It’s Never Too Late … Learn a Foreign Language

Getty Images

As you age, it becomes increasingly difficult to learn another language. Yet, as a result of the Internet, advancing software and new techniques in language instruction, the opportunity for each of us to learn a language at 45-plus is brighter than ever.

Scientists have affirmed that learning a new language actually increases your intelligence. Studies at both Newcastle University and York University in the U.K. found that becoming proficient in a second language aids in training the brain, thinking and perceptions. Learning a second language improves your knowledge of your original language concurrently, freeing your mind from linguistic constraints that prevent you from approaching words in certain ways.

Now, in its 21st year and offering instruction in 30 languages, Rosetta Stone is a leader in the new wave of interactive technology that alters the way you can learn a language. Tom Adams, CEO, observes that the company’s core methodology for helping its customers is that the process should be “natural and instinctive.”

At, the company has launched TOTALe – “total experience.” This includes an online language community where language-learners can connect with one another, tap into 50-minute practice sessions led by native-speaking tutors, download an iPad app for learning on the go and employ other dedicated apps for use with the iPod touch or iPhone.

In helping you to break the language barrier, other players include Byki, a software program developed by Transparent Language Inc. Selecting from more than 70 languages, including a few that are endangered, users may choose their level ranging from just starting to those who are fluent but need a refresher.

Linguata, at, offers language-instruction for users facing time constraints and for whom fluency is not always a practical goal. Linguata helps learners to pick up words and phrases, serving as building blocks to proficiency.

Here are some tips to keep you on the path to speaking in another tongue.

* Focus initially on the 100 most common words of any language. These will get you by in the short run while you are increasing your vocabulary.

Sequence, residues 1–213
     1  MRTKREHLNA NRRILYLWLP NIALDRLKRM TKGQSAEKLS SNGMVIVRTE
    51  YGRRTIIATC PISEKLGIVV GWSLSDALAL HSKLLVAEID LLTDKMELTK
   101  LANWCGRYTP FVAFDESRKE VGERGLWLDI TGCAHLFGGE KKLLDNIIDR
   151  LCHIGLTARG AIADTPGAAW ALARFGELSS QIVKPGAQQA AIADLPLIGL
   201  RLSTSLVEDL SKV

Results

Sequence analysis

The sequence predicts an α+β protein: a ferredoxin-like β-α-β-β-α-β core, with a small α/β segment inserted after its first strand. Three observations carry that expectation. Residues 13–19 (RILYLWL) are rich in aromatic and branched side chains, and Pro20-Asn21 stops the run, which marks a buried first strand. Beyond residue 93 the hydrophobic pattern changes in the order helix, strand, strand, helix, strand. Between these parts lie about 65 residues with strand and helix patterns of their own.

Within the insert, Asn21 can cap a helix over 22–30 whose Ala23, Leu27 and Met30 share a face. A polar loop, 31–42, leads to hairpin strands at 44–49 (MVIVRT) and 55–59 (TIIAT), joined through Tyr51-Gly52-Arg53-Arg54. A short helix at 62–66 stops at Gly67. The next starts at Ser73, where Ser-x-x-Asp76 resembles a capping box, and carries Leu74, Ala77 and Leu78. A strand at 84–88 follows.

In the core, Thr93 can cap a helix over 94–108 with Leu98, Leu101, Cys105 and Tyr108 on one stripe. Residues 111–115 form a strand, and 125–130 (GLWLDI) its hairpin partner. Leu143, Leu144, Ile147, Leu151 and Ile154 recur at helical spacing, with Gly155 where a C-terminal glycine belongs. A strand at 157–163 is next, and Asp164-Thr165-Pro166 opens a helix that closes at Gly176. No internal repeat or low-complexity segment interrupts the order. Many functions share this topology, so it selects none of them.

* Strive to master the past tense of verbs before learning the present tense and put off learning the future tense until you’ve mastered the first two.

* Develop your own phrase book. As words, phrases and eventually sentences become familiar to you, keep a log of those that you will be using repeatedly.

* Label the items in your house with their names in the language you are learning. By seeing an item and its name in, say, German, you can learn it more easily.

* Employ your creativity in learning new words. Visual imagery can help considerably when attempting to recall a word in the language you are learning.

* If it helps, make up your own corny phrases to aid in helping you to recall new words and new concepts.

* Review in your head all day long the words and phrases that you’ve been practising during more formal sessions. It’s reinforcing to “practise in your head.”

* Seek podcasts and radio broadcasts on the web when you can. This a supreme advantage over legions of language learners of previous generations.

As you become more immersed in your learning routines, begin to develop the capacity of thinking in the new language. The ways in which ideas are expressed in other languages, particularly the Indians, often differ vastly from that of English. You’ll know you’re on the right trail when you find yourself thinking in your target language without being conscious of it.

Killer language apps

Babbel, at, provides free vocabulary tutelage featuring “clear, native-speaker pronunciation of every word and phrase.” It also offers an online lesson plan for a monthly fee.

Mind Snacks, at, is a speed-based learning tool that, in game-like fashion, rises in complexity each time you succeed at the current challenge. After the third level, the app costs $5 for the next 47 levels.

Twenty-four/7 Tutor, at, offers puzzles, multiple choice quizzes and flash cards for several popular languages in addition to pronunciations by native speakers. The app provides no grammar and little context.


Jeff Davidson, “The Work-Life Balance Expert®,” is a professional speaker and thought leader on work-life balance issues. He is the author of “Breathing Space” and “Simpler Living.” For more information, go to